va·​moose | \ və-ˈmüs How to pronounce vamoose (audio) , va- \
vamoosed; vamoosing

Definition of vamoose

intransitive verb

: to depart quickly

Vamoose Has Wild West Origins

In the 1820s and '30s, the American Southwest was rough-and-tumble territory—the true Wild West. English-speaking cowboys, Texas Rangers, and gold prospectors regularly rubbed elbows with Spanish-speaking vaqueros in the local saloons, and a certain amount of linguistic intermixing was inevitable. One Spanish term that caught on with English speakers was vamos, which means "let's go." Cowpokes and dudes alike adopted the word, at first using a range of spellings and pronunciations that varied considerably in their proximity to the original Spanish form. But when the dust settled, the version most American English speakers were using was vamoose.

Examples of vamoose in a Sentence

it's getting late, so we had better vamoose
Recent Examples on the Web Khan’s group packed fast and vamoosed on a small airplane, which rose straight into a thrashing thunderstorm. David Quammen, The New Yorker, 4 May 2020 Nearby, a woman was making her own bathroom right next to the entrance of a residential building, vamoosing only when the doorman, Clever Santos Chavez, chased her away. Washington Post, 24 Feb. 2020 In November, the owner of the building housing Trump’s SoHo hotel in Manhattan paid the Trump Organization to vamoose. Chas Danner, Daily Intelligencer, 27 Jan. 2018 The Senate left town for its August recess Thursday, a week after the House vamoosed, and let’s hope the Members get an earful from constituents at home. The Editorial Board, WSJ, 4 Aug. 2017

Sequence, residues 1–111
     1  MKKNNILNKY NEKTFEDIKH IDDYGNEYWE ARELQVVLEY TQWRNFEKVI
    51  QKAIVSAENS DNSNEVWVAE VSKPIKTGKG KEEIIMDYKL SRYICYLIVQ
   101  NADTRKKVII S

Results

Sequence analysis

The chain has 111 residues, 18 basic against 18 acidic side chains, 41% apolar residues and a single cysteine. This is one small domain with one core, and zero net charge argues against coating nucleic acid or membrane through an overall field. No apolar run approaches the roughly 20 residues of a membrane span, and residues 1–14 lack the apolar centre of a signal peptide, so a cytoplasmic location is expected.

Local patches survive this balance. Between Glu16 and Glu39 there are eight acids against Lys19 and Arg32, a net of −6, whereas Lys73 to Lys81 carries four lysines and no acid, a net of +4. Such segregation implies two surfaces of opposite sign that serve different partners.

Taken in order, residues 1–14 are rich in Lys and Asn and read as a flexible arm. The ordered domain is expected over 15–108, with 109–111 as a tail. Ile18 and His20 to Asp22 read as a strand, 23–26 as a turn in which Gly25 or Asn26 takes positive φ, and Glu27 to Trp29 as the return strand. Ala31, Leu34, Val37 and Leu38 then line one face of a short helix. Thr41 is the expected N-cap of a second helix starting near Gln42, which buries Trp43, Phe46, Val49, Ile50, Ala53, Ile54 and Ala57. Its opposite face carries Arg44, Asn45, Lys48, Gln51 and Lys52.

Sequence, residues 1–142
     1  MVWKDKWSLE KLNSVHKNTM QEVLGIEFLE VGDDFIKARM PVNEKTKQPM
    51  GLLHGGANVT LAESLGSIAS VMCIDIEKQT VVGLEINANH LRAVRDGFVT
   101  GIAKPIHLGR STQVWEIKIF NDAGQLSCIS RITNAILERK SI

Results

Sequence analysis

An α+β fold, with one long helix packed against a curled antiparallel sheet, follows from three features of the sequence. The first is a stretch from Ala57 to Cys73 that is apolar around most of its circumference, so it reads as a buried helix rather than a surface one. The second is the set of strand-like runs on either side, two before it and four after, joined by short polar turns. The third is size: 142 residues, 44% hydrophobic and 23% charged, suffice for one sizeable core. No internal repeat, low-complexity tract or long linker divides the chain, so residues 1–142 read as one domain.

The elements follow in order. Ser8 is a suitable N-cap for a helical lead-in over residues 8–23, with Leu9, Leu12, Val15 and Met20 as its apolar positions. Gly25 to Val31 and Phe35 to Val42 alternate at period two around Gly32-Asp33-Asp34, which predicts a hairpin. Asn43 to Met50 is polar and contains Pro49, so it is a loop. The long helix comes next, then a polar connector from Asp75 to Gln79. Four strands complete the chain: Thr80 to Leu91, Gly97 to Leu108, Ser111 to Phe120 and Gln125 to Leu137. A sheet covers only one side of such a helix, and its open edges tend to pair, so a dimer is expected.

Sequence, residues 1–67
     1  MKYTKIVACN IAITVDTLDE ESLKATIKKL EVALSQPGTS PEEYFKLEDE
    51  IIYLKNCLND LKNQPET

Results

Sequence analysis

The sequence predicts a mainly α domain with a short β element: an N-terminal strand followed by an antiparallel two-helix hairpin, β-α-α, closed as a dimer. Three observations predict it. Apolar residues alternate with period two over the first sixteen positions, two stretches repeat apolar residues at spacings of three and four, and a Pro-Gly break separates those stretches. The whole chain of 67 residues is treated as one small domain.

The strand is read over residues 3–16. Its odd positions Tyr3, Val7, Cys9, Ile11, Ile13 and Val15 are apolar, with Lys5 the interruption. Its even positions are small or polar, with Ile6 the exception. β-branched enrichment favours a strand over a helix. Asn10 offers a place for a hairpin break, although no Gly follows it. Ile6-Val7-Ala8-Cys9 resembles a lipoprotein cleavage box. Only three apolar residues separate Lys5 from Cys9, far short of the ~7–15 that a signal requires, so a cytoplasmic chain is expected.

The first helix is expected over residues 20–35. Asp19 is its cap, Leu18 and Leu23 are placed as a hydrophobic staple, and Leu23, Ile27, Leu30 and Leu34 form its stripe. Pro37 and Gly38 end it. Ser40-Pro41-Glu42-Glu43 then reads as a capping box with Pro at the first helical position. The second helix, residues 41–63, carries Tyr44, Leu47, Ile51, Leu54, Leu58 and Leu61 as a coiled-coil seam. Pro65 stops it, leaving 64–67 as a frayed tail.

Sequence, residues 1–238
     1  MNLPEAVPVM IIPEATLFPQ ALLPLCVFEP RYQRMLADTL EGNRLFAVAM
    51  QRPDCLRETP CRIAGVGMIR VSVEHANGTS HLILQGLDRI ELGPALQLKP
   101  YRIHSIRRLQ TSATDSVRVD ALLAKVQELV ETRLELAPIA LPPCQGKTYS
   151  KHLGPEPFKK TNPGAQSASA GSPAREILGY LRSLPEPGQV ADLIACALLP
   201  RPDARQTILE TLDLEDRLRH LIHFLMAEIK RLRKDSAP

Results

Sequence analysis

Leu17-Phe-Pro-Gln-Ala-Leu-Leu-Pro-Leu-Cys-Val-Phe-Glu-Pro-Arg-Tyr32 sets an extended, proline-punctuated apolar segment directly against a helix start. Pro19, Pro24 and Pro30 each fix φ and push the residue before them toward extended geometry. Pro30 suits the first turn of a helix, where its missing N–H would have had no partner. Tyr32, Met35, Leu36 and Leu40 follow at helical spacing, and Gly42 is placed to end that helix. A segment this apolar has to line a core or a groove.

These example sentences are selected automatically from various online news sources to reflect current usage of the word 'vamoose.' Views expressed in the examples do not represent the opinion of Merriam-Webster or its editors. Send us feedback.

First Known Use of vamoose

1859, in the meaning defined above

History and Etymology for vamoose

borrowed from Spanish vamos "let us go," suppletive 1st person plural imperative (going back to Latin vadimus, 1st person plural present indicative of vadere "to proceed, go") of ir "to go," going back to Latin īre — more at wade entry 1, issue entry 1

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The first known use of vamoose was in 1859

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Cite this Entry

“Vamoose.” Dictionary, Merriam-Webster, Accessed 17 May. 2022.

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